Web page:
OTTAWA – The Bloc Quebecois is trying to put its New Democratic Party rivals on the hot seat.
The Bloc, which was decimated by the NDP in Quebec in the last federal election, apparently plans to use an attack on the Clarity Act to create tensions within the NDP.
Bloc Leader Daniel Paille won’t say what’s in the proposed legislation, which will be tabled Friday, but insists Ottawa has no business making any decisions affecting Quebec’s future.
The Clarity Act, which was created by the federal Liberals, was passed 12 years ago and sets the rules for future Quebec elections.
It’s a touchy subject in Quebec. And it risks being particularly touchy for Canada’s new official Opposition.
The NDP includes staunch Canadian federalists and equally staunch Quebec nationalists, many of whom were elected in last year’s federal election. The party faces the dual challenge of appealing to voters across Canada while holding onto the Quebec gains it made last year.
The Bloc has been smarting from its crushing defeat in the 2011 federal election where it was knocked from dominance in Quebec to four seats by the NDP, which counted former sovereigntists among its candidates.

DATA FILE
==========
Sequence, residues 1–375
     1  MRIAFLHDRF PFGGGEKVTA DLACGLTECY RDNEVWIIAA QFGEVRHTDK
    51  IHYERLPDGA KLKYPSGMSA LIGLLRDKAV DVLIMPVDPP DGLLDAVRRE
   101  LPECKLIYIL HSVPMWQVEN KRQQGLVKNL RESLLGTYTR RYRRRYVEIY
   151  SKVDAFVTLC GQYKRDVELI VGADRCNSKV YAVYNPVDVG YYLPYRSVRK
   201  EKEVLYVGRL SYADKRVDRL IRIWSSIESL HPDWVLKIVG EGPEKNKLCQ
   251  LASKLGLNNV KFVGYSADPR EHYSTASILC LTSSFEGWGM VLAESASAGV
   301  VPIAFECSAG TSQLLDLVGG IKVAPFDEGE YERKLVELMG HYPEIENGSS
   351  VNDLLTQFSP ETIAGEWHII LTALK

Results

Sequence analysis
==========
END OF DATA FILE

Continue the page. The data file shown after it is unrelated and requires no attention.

Most NDP MPs won’t say how they’ll vote on the Bloc bill, which is supposed to be tabled Friday.
But NDP MP Yvon Godin says the Clarity Act isn’t necessarily in opposition to the NDP’s own Sherbrooke Declaration, which says a result of 50 per cent plus one is sufficient to decide a referendum.
“We’re able to live with the Clarity Act (and) at the same time the Sherbrooke Declaration,” said Godin, who represents Acadie-Bathurt in New Brunswick.
In 2000, British Columbia MP Libby Davies voted against the Clarity Act.
The Liberals say they’ll oppose any attempt to tear up the Clarity Act while a spokesman for the governing Conservatives says the Bloc is just revisiting old battles.